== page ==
In order to understand this whole discussion, it is certainly useful to have a look at the main claim of the patent:
Paper dispenser, comprising a housing in which a roll of a paper strip is housed, which comprises precuts transverse to the strip and defining rectangular paper sheets, of which the width is transverse and the length is longitudinal, the housing comprising a dispensing orifice through which the paper strip is unwound, the width of a sheet being between 125 mm and 180 mm and the ratio of the width of a sheet to its length being between 0.45 and 1, preferably between 0.5 and 0.65, characterized in that the said paper is a toilet paper and the said dispenser comprises a nozzle with the said dispensing orifice, the said nozzle and the said roll of paper being designed so that the paper sheets are unwound one at a time and emerge with less crumpling at the outlet of the nozzle, the paper being consumed in an optimum and pleasant manner.
In other terms, the claimed subject-matter is a paper dispenser which comprises a number of features (notably a housing and a nozzle) as well as a roll of paper strip in the housing.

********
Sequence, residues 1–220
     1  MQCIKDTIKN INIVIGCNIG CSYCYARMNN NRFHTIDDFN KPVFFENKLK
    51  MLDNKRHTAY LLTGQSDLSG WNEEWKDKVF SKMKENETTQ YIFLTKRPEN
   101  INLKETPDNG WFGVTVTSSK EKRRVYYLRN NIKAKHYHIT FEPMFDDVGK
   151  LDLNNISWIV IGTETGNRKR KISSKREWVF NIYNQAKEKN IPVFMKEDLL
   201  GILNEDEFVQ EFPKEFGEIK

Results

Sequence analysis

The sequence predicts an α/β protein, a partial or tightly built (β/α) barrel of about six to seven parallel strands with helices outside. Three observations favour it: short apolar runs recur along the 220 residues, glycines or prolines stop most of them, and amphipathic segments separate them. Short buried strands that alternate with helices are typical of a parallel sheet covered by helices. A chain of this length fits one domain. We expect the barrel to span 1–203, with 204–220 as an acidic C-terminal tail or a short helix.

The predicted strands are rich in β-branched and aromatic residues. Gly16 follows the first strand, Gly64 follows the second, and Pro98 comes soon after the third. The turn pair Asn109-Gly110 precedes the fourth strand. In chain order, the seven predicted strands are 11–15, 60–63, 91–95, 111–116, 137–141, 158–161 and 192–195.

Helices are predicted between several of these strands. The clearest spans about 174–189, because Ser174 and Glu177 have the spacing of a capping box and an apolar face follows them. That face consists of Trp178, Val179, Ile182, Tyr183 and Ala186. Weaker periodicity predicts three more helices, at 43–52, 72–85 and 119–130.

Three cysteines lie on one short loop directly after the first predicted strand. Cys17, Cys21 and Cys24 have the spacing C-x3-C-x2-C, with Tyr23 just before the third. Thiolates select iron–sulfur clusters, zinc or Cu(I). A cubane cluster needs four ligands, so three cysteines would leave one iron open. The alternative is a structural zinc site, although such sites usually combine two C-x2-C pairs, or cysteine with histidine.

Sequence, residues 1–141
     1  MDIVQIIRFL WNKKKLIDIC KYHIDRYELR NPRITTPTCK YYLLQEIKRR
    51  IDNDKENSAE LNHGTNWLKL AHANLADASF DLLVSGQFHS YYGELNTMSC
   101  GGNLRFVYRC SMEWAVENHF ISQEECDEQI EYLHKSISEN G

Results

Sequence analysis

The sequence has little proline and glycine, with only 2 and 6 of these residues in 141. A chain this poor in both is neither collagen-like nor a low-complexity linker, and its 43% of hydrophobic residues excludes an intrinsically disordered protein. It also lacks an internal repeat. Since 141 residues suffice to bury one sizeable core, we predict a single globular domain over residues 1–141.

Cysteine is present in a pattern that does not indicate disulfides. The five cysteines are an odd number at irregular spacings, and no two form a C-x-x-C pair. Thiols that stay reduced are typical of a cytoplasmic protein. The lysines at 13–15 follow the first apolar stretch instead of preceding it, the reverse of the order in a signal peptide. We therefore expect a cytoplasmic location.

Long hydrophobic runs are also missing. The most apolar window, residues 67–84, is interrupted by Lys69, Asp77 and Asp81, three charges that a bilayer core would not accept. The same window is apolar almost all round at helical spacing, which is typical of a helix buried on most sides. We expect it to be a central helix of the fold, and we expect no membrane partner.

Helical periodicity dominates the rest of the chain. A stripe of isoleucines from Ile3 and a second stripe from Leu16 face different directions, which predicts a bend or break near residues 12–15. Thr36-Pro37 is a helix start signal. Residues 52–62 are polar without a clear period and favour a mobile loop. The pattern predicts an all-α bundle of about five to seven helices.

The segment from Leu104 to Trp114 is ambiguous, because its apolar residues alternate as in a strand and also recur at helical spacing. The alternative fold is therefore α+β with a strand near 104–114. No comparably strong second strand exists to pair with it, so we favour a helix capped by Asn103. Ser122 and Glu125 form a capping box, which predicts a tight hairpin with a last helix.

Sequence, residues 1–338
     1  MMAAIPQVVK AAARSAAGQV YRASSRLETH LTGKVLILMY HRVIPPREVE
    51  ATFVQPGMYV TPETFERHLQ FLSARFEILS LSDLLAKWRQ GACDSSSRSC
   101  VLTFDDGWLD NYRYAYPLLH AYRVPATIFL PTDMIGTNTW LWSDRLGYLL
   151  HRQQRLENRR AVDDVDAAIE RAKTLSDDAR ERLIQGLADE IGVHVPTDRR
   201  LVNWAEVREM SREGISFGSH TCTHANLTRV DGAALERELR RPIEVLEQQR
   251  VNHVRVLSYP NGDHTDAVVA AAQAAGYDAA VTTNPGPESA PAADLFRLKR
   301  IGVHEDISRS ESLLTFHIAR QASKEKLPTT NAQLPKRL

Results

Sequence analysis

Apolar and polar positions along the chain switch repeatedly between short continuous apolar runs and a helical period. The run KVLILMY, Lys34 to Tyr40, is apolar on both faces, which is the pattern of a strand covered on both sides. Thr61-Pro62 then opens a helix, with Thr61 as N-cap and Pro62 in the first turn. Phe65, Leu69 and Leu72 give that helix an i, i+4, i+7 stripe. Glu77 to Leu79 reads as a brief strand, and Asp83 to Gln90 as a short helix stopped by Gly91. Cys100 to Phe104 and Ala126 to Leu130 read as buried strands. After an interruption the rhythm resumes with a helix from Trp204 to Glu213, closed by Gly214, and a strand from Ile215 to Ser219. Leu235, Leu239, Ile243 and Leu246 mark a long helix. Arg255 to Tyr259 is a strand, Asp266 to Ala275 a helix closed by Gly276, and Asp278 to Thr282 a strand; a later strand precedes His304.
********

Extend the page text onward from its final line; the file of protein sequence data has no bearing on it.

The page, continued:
Now, here is the relevant legal provision which defines contributory infringement under French law, namely article L.613-4 Code de la propriété intellectuelle, first paragraph:
Unless the patent proprietor consents, the supply or offer to supply, on the French territory, to another person than those entitled to work the patented invention, of means for implementing this invention on this territory, in relation with an essential element thereof, is also prohibited, when the third party knows or circumstances make it obvious that these means are suitable and intended for this implementation.
The supreme court judges found that the Cour d’appel erred in three different respects.
First, the original appeal judgment held the following:
[…] Regarding the existence of acts of indirect, contributory infringement […], according to Tissue France […] itself, its invention lies in a new combination between, on the one hand, a specific toilet paper, and on the other hand, the use of a nozzle for dispensing sheets associated with a specific precut paper strop, in order to achieve a dispensing of sheets one at a time, with less crumpling at the outlet of the nozzle […].